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INVASIVE DISEASES

A variety of non-native, invasive diseases affect many of our native plants, animals, agricultural crops, and even humans.
These diseases can be caused by microorganisms, including fungi, bacteria, or viruses, that are often “hidden” from sight. This has been an historic as well as current problem. Diseases are typically brought in by accident. They are moved in a variety of ways. They may be in landscaping material, migrating fish or birds, ballast water, insects on aircraft, infected humans, or even movement of firewood. Whatever the means of introduction, the consequences of moving diseases can be devastating.
Plum Pox Virus
Land- und Forstwirtschaft Archive,
Biologische Bundesanstalt für Land- und
Forstwirtschaft, Bugwood.org

Plum Pox Virus

Polyvirus #7 Sharka
Plum Pox Virus is native to Bulgaria. On June 20 and July 7, 2006, the virus was confirmed in two separate orchards in Niagara County. It was first introduced in Pennsylvania on live plant grafts smuggled into the United States by an orchard owner. The virus is spread short distances by aphids and long distances by moving infected nursery stock or plant parts.

Plum Pox Virus affects the “stone fruits” of plum, peaches, apricots, and nectarines. It severely reduces fruit production and causes misshapen and blemished fruits. So far, eradication efforts and rapid response have limited the infestation of Plum Pox Virus to Niagara County.







Mile-a-Minute Weed
Beech Bark Wood
Linda Haugen, USDA Forest Service,
Bugwood.org

Beech Bark Scales
Scales: insects that feed on beech bark
Joseph O’Brien, USDA Forest Service,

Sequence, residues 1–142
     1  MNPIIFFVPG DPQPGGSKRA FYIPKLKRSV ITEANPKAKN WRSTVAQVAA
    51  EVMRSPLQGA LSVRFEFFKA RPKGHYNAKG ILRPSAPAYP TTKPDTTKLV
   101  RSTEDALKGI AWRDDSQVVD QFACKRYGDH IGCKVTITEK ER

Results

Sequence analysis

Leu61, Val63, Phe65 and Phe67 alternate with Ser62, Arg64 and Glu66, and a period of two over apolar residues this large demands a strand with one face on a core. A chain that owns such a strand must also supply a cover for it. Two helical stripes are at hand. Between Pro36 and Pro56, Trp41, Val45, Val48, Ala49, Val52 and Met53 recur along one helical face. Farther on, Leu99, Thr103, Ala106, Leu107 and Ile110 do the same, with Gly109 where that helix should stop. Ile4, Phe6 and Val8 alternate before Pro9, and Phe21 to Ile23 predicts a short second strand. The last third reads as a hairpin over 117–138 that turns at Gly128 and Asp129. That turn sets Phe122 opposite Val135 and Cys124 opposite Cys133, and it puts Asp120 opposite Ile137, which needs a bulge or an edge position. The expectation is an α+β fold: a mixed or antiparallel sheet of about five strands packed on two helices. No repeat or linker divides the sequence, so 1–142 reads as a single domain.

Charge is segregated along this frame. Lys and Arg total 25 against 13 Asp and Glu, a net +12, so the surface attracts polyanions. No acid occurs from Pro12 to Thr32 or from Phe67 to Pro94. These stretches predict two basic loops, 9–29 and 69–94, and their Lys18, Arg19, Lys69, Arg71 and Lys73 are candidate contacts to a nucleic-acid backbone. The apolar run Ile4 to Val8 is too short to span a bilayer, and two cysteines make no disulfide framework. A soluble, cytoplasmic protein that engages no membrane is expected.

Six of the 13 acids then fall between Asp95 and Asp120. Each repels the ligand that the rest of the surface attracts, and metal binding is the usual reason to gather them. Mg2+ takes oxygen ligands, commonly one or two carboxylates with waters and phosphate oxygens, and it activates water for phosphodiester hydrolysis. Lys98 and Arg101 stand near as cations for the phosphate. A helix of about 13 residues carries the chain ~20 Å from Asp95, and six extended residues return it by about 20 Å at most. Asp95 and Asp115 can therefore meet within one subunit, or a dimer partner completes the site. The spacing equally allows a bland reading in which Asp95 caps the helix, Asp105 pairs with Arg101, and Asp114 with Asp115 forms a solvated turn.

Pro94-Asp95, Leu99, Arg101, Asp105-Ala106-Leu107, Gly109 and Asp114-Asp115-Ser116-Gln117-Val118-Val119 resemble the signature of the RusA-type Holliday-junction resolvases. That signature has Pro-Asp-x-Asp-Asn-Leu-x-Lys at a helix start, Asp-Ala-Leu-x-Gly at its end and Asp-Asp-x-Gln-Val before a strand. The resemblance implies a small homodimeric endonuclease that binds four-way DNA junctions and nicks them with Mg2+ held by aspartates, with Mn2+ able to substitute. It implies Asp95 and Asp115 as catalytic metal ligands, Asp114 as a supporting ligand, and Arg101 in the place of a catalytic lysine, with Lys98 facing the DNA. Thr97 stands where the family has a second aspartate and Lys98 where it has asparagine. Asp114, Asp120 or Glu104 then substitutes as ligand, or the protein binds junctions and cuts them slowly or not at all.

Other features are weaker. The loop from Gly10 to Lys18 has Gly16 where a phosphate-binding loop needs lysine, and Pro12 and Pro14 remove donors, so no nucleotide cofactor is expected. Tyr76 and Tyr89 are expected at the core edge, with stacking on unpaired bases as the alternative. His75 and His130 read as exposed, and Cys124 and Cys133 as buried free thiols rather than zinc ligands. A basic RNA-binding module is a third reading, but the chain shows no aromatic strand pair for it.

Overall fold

Bugwood.org

Beech Bark Disease

Felted Beech Scale (Cryptococcus fagisuga)
and associated fungi in the genus Nectria

Beech Bark Disease apparently originates from the Middle East (Turkey and Iran). It arrived in North America around 1890. The disease attacks European Beech, but the most drastic effects have been observed in North America where it attacks American Beech (Fagus grandifolia). This disease consists of two imported agents, an insect and a fungus. The insect is called a scale. The scales feed on the bark phloem (conducting tissue). Their feeding apparently disables wound responses that would otherwise protect damaged bark. The scales are paving the way for the other factor in Beech Bark Disease, pathogenic fungi. Nectria fungi invade the bark, and so begins the slow, steady decline of a previously healthy tree.

Beech Bark Disease Wood Sample

The usually smooth, gray bark of American Beech becomes riddled with cankers from this disease. Large beech trees produce beech nuts that are an important source of food for a variety of wildlife.

Chesnut Blight
Joseph O’Brien, USDA Forest Service, Bugwood.org

Chestnut Blight

Cryphonectria parasitica
American Chestnut, at one time our most valuable tree, dominated the eastern forests of the United States before succumbing to Chestnut Blight. An estimated four billion native chestnut trees grew over this range. This disease is caused by a fungus native to eastern Asia.

Cankers caused by the blight were first reported in 1904 in New York City. It was most likely introduced decades earlier on imported Asian chestnut trees. It was spread over the range of our native chestnut trees by “mail order” as people bought non-native chestnut trees from nurseries. The spores of the fungus travel from tree to tree by animals of all kinds. By 1926, the fungus was widespread. Populations of this major forest tree have been decimated throughout its range.
Viral Hemorrhagic Septicemia
Dr. P. Bowser, College of Veterinary
Medicine, Cornell University

Viral Hemorrhagic Septicemia

Novirhabdovirus sp.
Viral Hemorrhagic Septicemia (VHS) is native to Europe, Japan, the Pacific coast from California to Alaska, and the Atlantic coast of North America. It was first documented in the Great Lakes in 2005. It is thought to have been introduced by migrating fish or contaminated ballast water. It was first confirmed in New York waters, in Lake Ontario and the Saint Lawrence River, in May 2006.

VHS is caused by an aquatic rhabdovirus. VHS can be lethal to fish. Almost fifty species of fish are known to be susceptible. Infected fish can display multiple symptoms. In its most acute form, VHS can cause hemorrhaging in the eyes, skin, gills, fin bases, skeletal muscle, and internal organs. Human activities can help spread the virus to other waters. Controlling VHS involves restricting the movement of fish, particularly baitfish, among waters. Anglers are encouraged to keep live wells clean and report a large number of dead or dying fish.